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EA Origin EULA sparks privacy concerns

Mandatory licensing agreement for online service appears to indicate publisher can monitor, pass on data on all software installed on users' PC.


Electronic Arts has been investing heavily in online distribution and connected gaming over the past few years, and one of the biggest of those investments is its new service, Origin. A full-on replacement for the EA Store, Origin serves as a hub and infrastructure for downloading and playing PC games, as well as ordering boxed products for other platforms.

Violating the American people's privacy wouldn't be such non sequitur in Battlefield 3.
Violating the American people's privacy wouldn't be such non sequitur in Battlefield 3.

However, speculation has arisen that Origin serves as a clandestine way for EA to intrude upon users' privacy. Posting to The Escapist's message boards, forum user Dirty Hipsters called out Origin's End User Licensing Agreement, claiming that not only does the verbiage allow EA to "monitor your PC and to make a profile of you," but also detect "illegally downloaded material" and see what websites have been viewed.

Consulting Origin's EULA, the passage in question can be found in Sections 2 and 3, titled "Consent to Collection and Use of Data" and "Application Communications and Conduct/Privacy Settings," respectively. When EA refers to the "Application" in this context, EA notes that it is in reference to Origin and all related software, documentation, and updates.

"You agree that EA may collect, use, store and transmit technical and related information that identifies your computer (including the Internet Protocol Address), operating system, Application usage (including but not limited to successful installation and/or removal), software, software usage and peripheral hardware, that may be gathered periodically to facilitate the provision of software updates, dynamically served content, product support and other services to you, including online services," Section 2 reads.

"EA may also use this information combined with personal information for marketing purposes and to improve our products and services," the section continues. "We may also share that data with our third party service providers in a form that does not personally identify you."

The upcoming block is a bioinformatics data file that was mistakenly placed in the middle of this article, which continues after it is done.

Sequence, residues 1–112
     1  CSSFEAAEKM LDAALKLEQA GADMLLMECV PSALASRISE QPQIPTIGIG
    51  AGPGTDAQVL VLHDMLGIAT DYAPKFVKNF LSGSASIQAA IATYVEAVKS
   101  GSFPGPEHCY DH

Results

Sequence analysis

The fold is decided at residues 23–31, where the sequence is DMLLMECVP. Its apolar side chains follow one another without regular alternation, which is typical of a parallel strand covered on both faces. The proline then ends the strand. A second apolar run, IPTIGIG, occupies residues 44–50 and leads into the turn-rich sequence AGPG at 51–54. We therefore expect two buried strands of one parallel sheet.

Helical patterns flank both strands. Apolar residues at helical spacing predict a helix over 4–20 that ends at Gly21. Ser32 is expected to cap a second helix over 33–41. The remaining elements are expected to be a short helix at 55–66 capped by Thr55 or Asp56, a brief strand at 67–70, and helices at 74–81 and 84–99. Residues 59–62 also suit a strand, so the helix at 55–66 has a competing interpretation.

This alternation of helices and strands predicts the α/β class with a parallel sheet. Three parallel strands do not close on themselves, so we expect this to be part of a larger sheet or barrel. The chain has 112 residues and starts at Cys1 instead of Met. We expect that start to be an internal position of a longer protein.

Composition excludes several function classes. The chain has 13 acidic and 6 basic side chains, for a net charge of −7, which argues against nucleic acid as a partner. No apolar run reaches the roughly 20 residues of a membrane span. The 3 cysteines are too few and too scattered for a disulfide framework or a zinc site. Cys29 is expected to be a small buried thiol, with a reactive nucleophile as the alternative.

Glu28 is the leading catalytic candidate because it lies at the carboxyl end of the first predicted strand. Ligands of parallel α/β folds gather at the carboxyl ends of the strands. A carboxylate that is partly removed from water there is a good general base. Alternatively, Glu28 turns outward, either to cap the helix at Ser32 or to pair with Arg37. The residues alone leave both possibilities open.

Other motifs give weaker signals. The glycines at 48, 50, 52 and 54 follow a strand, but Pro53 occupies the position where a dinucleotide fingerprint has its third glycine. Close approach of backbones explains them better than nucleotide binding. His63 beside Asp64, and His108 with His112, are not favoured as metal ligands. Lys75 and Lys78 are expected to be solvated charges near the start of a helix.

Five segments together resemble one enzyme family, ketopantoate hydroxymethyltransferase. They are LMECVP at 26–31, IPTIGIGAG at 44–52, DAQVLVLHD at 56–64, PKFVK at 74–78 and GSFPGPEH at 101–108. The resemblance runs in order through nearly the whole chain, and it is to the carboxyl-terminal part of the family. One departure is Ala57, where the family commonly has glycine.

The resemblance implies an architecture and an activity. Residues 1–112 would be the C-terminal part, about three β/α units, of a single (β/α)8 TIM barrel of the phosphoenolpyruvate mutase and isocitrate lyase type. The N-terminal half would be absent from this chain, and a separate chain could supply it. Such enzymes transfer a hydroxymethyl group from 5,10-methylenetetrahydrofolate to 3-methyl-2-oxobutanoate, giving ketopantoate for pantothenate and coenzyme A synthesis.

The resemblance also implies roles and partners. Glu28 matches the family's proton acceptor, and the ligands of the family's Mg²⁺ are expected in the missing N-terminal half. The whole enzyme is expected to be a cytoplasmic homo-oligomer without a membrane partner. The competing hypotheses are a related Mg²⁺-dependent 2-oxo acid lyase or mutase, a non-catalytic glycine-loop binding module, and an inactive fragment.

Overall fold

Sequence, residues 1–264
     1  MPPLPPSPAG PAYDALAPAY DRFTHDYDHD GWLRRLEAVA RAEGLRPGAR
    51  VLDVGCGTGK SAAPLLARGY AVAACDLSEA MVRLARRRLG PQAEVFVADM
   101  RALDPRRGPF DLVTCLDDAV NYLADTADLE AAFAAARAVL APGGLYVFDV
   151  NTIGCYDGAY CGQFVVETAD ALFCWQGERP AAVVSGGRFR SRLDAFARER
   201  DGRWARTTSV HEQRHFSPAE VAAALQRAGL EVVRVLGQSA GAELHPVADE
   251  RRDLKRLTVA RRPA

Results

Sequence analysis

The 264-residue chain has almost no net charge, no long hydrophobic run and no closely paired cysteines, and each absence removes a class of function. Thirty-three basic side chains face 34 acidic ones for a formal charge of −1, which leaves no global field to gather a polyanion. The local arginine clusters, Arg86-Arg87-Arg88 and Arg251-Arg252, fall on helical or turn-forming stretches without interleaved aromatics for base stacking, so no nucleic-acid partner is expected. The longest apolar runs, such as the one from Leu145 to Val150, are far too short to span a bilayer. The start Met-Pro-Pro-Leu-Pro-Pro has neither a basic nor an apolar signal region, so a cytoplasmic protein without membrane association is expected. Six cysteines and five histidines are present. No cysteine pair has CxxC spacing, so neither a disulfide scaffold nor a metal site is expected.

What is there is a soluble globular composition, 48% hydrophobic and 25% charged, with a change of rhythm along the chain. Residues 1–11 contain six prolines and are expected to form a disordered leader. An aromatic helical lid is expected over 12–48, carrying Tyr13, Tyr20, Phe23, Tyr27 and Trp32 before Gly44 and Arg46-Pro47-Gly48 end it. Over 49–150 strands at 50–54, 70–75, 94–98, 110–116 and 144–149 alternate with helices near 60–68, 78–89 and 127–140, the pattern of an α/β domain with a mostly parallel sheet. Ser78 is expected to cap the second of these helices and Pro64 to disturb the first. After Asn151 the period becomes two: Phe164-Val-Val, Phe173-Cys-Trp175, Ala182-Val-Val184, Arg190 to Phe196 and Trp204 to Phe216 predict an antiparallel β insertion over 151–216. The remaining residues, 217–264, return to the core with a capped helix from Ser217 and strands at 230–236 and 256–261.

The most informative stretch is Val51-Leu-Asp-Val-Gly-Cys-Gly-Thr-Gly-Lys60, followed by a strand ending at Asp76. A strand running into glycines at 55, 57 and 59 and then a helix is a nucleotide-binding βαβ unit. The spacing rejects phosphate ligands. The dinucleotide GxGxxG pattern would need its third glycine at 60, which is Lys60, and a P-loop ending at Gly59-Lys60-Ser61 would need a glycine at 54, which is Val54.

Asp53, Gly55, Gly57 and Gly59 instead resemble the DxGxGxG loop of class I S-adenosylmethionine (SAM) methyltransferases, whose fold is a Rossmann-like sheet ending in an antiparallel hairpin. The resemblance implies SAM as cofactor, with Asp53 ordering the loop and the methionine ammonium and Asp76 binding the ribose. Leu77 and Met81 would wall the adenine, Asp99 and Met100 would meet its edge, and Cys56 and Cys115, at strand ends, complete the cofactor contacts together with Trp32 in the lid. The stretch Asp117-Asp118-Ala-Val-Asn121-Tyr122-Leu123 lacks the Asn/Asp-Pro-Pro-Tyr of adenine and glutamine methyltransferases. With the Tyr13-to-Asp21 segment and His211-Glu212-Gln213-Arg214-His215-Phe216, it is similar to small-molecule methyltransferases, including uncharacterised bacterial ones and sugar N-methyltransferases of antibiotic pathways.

The Section 3 passage reads: "EA reserves the right to monitor communications on the Application and disclose any information EA deems necessary to (i) ensure your compliance with this License; (ii) satisfy any applicable law, regulation or legal process; (iii) protect the rights, property and interests of EA, its employees or the public. EA also reserves the right to edit, refuse to transfer and/or to remove any information or materials, in whole or in part, in EA's sole discretion."

The EULA goes on to note that if users do not agree to EA's collection of this type of data, they should not install the application. It also says that this data is being used in accordance with EA's privacy policy, which among other statements, states that, "EA will never share your personal information with third parties without your consent." However, it is unclear how EA's privacy policy is compatible with the rights reserved in Section 3 of Origin's EULA, if at all.

As with most legal language, the extent to which EA is able to use this EULA to monitor users is open to interpretation. However, the EULA is markedly different from EA's standard PC software agreement. For EA's standard PC EULA, the "Consent to Use of Data" section is more narrowly confined to "technical and related information that identifies your computer (including an Internet Protocol Address and hardware identification), operating system and application software and peripheral hardware."

The addition of the "software, software usage" verbiage could be interpreted as including the ability to monitor any installed program, regardless of its provenance. EA's Origin EULA also adds the right for the publisher to share whatever it finds with anyone it chooses.

EA has run into privacy concerns in the past. Most notably, in 2006, the publisher first revealed that it had begun collecting users' data as a way to target and deliver in-game advertisements to players.

EA had not responded to GameSpot's request for comment on the matter as of press time.

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